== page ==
Wednesday, March 16, 2011

Summer Jobs in America’s Great Outdoors

Seal of the United States Department of the In...Image via WikipediaThe U.S. Fish and Wildlife Service, which manages the country’s 553
national wildlife refuges, hopes to hire more than 2,000 young people this
year, as it did in 2010. Apply now for a job this summer on a national
wildlife refuge or other public land. A commitment to youth hiring is part
of President Obama’s America’s Great Outdoors initiative.

Go to the Refuge System web site to find 2011 youth job opportunities in
the National Wildlife Refuge System. Scroll down and click on “Student
Employment Opportunities” to learn about jobs through program partners
such as the Student Conservation Association (SCA) and AmeriCorps. You can
apply directly for some openings on partner web sites. For other
opportunities on refuges, such as those through the Youth Conservation
Corps (YCC), contact your local refuge (use the “Find Your Refuge” feature
on the Refuge System homepage).

Learn about other 2011 conservation job opportunities with the Department
of the Interior (DOI) at a new web site, and e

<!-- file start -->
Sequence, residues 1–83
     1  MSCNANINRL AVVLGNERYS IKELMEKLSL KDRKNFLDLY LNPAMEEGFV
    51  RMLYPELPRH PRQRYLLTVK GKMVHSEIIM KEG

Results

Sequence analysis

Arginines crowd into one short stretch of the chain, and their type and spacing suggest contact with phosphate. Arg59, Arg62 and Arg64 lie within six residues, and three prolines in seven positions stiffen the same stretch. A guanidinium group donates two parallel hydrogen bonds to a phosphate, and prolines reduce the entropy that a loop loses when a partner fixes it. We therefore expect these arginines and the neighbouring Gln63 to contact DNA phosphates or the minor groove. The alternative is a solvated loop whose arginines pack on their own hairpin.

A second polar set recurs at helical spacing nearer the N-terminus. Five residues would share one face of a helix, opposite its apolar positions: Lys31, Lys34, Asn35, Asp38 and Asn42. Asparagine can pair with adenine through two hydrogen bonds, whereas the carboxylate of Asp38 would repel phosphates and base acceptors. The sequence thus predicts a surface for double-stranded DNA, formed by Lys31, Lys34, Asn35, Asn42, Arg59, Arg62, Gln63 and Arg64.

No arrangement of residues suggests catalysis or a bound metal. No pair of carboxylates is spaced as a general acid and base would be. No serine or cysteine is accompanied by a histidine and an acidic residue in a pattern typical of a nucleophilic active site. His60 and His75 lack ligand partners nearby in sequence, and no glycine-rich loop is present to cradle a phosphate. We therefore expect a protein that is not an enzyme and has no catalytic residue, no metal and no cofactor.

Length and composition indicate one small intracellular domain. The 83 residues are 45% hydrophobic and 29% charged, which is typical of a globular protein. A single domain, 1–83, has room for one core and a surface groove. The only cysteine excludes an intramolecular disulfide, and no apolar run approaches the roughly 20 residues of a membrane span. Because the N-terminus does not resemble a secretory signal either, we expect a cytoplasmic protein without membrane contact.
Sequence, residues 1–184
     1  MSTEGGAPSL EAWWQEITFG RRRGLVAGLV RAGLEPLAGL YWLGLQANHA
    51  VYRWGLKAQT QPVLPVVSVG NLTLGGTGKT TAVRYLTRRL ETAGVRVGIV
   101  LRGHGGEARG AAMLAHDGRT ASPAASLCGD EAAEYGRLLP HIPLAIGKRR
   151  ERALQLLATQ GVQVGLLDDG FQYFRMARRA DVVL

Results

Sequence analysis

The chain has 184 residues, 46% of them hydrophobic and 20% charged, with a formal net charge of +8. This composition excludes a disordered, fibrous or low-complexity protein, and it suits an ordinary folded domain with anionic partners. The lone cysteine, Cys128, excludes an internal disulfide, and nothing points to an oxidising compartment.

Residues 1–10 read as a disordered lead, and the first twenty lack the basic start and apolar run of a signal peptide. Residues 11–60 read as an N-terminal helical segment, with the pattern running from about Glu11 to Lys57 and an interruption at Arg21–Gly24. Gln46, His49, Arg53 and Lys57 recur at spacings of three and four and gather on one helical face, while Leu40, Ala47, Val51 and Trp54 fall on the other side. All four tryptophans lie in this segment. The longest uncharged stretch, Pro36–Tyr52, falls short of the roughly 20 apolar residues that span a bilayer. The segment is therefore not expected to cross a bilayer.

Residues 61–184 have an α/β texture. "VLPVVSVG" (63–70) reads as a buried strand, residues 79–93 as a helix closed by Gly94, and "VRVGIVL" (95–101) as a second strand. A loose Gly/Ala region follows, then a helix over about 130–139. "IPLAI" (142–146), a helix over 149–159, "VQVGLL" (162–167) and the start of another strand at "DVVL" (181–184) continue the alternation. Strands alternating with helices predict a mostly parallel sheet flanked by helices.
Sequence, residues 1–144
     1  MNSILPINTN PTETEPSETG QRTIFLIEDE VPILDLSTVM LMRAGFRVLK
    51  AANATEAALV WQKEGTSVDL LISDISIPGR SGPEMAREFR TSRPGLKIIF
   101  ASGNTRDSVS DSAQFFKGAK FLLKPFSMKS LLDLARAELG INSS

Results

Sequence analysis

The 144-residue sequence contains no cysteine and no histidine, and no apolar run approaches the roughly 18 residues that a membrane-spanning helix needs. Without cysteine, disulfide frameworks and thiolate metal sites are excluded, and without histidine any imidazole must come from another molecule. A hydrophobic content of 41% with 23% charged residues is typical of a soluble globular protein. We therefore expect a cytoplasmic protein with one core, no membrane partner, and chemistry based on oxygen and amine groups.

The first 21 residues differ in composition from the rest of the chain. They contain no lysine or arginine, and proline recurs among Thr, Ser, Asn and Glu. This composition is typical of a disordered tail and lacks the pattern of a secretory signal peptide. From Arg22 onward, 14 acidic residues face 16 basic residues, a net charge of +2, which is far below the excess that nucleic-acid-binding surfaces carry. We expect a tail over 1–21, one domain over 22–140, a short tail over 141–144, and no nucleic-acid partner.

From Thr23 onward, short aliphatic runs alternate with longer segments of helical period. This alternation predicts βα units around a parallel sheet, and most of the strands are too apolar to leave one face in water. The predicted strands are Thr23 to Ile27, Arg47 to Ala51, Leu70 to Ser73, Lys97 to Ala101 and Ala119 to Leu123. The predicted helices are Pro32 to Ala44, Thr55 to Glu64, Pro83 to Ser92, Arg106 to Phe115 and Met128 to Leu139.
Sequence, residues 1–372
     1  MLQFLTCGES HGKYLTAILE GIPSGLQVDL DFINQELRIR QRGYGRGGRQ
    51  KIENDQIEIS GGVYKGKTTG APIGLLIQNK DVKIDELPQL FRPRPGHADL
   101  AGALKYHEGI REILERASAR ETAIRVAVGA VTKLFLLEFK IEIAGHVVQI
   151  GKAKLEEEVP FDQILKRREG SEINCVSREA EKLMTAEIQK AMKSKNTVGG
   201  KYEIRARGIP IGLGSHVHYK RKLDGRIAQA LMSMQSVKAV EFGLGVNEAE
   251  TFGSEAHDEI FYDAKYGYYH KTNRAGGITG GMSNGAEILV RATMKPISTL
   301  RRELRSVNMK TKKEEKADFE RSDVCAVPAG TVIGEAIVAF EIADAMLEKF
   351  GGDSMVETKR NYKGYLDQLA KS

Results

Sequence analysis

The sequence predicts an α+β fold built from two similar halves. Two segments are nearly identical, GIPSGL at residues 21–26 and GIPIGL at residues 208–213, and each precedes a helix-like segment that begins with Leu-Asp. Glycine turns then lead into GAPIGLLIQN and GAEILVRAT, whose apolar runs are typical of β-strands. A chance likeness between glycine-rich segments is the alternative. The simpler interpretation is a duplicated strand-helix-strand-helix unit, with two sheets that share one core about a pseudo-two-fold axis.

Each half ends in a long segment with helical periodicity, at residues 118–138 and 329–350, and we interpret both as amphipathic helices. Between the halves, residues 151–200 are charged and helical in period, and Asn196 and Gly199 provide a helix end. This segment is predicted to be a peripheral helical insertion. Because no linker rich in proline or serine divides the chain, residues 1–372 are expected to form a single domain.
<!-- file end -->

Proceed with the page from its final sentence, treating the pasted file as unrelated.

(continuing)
xplore the Department of the Interior's Youth in the Great Outdoors
program. Listings are for both permanent and temporary jobs. DOI manages
the U.S. Fish and Wildlife Service, the National Park Service and several
other technical bureaus.

Youth jobs on national wildlife refuges can change lives and career
pathways. They also stimulate learning and personal growth, say those with
firsthand experience:

       Tylar Greene, from the Bronx, felt “culture shock” on arriving for
an internship in summer 2010 at Lake Umbagog National Wildlife Refuge in
New Hampshire, she recounts in a video. But she loved the work and the
moral support she got from refuge staff.

       Lexxs Sutton, a 2010 YCCer who helped build a boardwalk, maintain
trails and pull invasive plants at William L. Finley National Wildlife
Refuge in Oregon, called the work hard. Even so, she says, “I learned a
lot, and it was probably the most fun job I will ever have.”

       For further evidence of challenging and fun youth jobs on refuges,
see a video made by a 2010 YCC crew at Kodiak National Wildlife Refuge in

      See photos of young people at work on national wildlife refuges. Read
about youth hiring in the Northeast.

      Youth job candidates are considered without regard to race, color,
religion, sex or national origin. Most internships include a stipend, and
others are volunteer positions.

      The mission of the U.S. Fish and Wildlife Service is working with others
to conserve, protect and enhance fish, wildlife, plants and their habitats
for the continuing benefit of the American people. We are both a leader
and trusted partner in fish and wildlife conservation, known for our
scientific excellence, stewardship of lands and natural resources,
dedicated professionals and commitment to public service. For more
information on our work and the people who make it happen, visit

Fishing, Hunting, and Camping Information
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